Of Cisterns, Spigots, and Pipes
© 30 Oct 2012 Luther Tychonievich
Licensed under Creative Commons: CC BY-NC-ND 3.0
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Thoughts on kinds and scopes of standardization.


I have recently devoted some effort to the world of genealogical technology. In so doing I have become fairly certain that the BetterGEDCOM initiative, though laudable in its aims and possessing many invested partners, will fail. Reflecting on this led me to think about the topic of this post: standardization.

Kinds of Standards

There are many kinds of standards in the world.

Some standards, like the distance between train rails or the frequency of alternating current, are more-or-less arbitrary and present simply because some standard is needed. They point to the central role of standards: reuse and sharing of tools. Standardization makes life easier because it provides a single way for many things to interact.

Sometimes the need for a standard overtakes the ability to plan a rational standard. These less-than-ideal standards I term inertial. Why do browsers support Javascript? Because that’s what web pages use. Why do web pages use it? Because that’s what browsers support. It is pretty widely accepted that Javascript is not one of computing’s cleverest designs, but efforts to replace it have not had much, if any, success.

At the other extreme are prescriptive standards that try to codify and encourage best practices. HTML’s ongoing efforts to deprecate all presentation-level tags is a fine example. Initially, HTML mostly consisted of little easy-to-type descriptions of how things should look, like <b>bold</b> and <i>italic</i> tags. But with HTML 4 there was a push to make such tags non-normative and encourage <span class="example">concept-oriented</span> tags instead.

An example of a very permissive standard is C++, which has monotonically increased over the years until just about anything you might want it to do has at least half a dozen “‍correct‍” implementations and even long-time professional C++ programmers often have aspects of the standard they’ve never touched.

Another useful distinction between standards is the evident tension between completeness and elegance. This distinction deserves its own section.

What to Standardize

Consider, for a moment, plumbing. The behind-the-wall network of pipes is pretty well standardized. The way fluid gets into and out of the pipes is much less standard. My current apartment, for example, has seven distinct ways of controlling water flow distributed between only nine water outlets. Every standard has such boundaries, lines below and above which the standard does not apply.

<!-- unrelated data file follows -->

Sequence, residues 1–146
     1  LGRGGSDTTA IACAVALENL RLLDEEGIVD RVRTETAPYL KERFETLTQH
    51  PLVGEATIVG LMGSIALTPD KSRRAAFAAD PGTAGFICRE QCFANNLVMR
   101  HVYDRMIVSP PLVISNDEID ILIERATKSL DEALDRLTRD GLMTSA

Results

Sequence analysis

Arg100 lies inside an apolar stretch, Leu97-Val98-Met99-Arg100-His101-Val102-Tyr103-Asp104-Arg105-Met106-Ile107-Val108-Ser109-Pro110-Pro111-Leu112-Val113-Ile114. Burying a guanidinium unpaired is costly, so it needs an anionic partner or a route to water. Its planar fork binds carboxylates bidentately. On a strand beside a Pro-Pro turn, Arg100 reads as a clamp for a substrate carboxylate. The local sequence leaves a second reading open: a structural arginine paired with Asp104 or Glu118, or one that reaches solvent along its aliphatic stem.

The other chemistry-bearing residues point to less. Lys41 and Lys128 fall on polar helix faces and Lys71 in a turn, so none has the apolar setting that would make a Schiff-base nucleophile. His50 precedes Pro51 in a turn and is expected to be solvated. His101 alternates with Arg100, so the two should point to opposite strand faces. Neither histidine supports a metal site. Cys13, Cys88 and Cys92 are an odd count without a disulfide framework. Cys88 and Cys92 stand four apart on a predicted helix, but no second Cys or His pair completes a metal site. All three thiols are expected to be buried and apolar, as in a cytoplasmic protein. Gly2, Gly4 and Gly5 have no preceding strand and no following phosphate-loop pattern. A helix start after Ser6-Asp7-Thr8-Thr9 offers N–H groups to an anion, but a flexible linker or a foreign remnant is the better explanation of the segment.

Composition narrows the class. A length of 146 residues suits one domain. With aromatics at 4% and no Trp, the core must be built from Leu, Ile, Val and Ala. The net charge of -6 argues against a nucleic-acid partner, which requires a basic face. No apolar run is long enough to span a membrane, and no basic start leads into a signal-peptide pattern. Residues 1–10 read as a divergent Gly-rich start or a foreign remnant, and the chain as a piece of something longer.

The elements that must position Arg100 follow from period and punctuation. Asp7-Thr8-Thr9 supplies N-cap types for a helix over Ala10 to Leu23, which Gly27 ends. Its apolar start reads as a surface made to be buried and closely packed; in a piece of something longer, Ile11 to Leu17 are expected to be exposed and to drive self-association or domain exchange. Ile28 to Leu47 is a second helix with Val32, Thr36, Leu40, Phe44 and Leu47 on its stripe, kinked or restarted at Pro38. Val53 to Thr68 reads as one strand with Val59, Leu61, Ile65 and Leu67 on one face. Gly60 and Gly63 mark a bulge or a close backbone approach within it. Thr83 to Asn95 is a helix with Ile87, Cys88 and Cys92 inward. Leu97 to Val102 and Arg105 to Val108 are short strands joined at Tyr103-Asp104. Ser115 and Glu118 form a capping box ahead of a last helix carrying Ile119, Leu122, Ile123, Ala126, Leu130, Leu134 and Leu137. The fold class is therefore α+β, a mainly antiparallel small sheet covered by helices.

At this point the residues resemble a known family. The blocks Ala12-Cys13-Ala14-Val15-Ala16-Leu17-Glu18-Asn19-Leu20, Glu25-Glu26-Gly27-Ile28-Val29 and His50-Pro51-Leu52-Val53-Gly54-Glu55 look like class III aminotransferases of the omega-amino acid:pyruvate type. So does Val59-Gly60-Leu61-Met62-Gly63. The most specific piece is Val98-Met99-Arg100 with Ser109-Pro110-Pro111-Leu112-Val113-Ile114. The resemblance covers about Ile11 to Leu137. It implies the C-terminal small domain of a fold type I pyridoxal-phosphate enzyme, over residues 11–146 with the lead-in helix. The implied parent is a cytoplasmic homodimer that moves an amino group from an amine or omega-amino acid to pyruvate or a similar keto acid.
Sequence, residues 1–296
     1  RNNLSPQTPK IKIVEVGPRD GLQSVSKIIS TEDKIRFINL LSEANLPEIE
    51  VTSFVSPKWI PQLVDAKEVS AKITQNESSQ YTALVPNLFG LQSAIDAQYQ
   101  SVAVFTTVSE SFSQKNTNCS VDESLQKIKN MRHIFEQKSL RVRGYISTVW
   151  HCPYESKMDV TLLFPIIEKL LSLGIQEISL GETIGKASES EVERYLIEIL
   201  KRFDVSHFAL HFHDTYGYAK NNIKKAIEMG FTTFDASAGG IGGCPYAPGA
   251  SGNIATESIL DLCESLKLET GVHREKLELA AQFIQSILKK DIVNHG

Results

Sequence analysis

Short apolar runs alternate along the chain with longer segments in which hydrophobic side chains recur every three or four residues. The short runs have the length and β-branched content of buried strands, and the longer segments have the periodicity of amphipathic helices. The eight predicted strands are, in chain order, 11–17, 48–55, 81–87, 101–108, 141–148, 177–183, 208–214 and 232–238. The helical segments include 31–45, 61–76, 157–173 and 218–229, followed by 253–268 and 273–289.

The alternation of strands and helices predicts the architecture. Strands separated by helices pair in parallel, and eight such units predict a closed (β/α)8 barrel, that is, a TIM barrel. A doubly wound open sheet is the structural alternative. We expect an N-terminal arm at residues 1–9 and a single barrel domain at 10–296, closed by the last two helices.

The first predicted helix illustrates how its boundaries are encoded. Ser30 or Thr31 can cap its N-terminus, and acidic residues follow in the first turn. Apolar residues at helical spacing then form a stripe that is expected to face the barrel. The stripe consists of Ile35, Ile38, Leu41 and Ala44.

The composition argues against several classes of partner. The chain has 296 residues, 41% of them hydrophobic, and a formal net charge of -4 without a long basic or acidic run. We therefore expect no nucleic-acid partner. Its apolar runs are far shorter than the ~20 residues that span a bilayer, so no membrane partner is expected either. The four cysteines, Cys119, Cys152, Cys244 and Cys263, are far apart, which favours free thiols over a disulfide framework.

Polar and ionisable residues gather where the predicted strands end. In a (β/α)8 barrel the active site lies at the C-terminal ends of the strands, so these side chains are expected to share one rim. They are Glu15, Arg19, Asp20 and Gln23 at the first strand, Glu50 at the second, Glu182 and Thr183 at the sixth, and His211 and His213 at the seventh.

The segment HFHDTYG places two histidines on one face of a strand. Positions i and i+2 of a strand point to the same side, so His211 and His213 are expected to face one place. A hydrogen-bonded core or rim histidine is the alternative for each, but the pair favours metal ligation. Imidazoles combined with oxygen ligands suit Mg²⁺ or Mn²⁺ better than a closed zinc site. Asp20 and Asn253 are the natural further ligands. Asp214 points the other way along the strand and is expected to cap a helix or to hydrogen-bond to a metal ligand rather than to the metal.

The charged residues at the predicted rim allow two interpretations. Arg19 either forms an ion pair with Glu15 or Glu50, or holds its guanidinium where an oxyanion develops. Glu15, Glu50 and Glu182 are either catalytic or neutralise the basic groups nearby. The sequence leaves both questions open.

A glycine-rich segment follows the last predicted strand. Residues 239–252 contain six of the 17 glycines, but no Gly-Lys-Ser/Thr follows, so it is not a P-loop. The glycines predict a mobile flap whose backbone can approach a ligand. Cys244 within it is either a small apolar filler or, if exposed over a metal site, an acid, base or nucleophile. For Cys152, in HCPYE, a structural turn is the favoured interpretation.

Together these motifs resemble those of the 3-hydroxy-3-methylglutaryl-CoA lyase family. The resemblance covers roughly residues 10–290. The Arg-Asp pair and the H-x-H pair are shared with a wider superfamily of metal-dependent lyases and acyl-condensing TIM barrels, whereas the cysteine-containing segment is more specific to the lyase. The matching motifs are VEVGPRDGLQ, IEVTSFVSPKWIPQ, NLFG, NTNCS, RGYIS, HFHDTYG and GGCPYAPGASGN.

I find plumbing to be an illuminating example when thinking about standards. Move either line and you are pretty clearly in unwise territory. If we standardized water sources we’d either need to enumerate every possible cistern, well, reservoir, spring, and filtration system (an impossible task) or we’d end up excluding some percentage of users and not be a standard at all. If we standardize spigots we’d not lose the ability to support people, but we would lose the freedom to pick pleasing visible elements of fixtures. A smaller standard—say, not including the threading of pipes, for example—would result in a plumbing dongle explosion.

The quintessential example of a well-selected standardization boundaries is mathematics. Just numbers and sets and operators and other symbolic notations, nothing about measuring and nothing about acting on mathematical results. With this near-perfect separation comes near-perfect reusability; there are very few endeavors that do not benefit from mathematics. This standard is so perfectly split off of the rest of the fields of human endeavor that most people don’t even realize it is a standard or consider that it could have been different.

In the region between the lines where standardization lives there are good designs and bad; but the lines themselves are key. HTML will never survive if it tries to dictate document grammar or computer hardware and arithmetic will never survive if it leaves multiplication to user discretion.


The scope of standards is interesting in its own right, but it also applies in other areas of life.

The hardest part of writing technical papers for me is the introduction and conclusion. The plumbing of the middle part is relatively straightforward, but figuring out how to say “‍this hooks up to parts of the real world you care about‍” when I don’t know what they care about is an ongoing challenge. I don’t know their cisterns and spigots so I either have to know the standard fittings (“‍here’s my bit on problem X‍” for some known X) or I need to try to guess, enumerating enough connections that they’ll believe my claim “‍this has broad applicability.‍”

Communication is difficult in part because of standards. There is a standard in my culture, for example, that “‍how are you‍” means “‍hi‍” and the response is “‍fine.‍” Missing that standard is only vaguely annoying, education but in education it can be much worse; notions such as “‍expert blind spot‍” can be modeled as a teacher who assumes students have a standard they do not, in fact, have.

What are the standards you use every day? Do they have the right boundaries?

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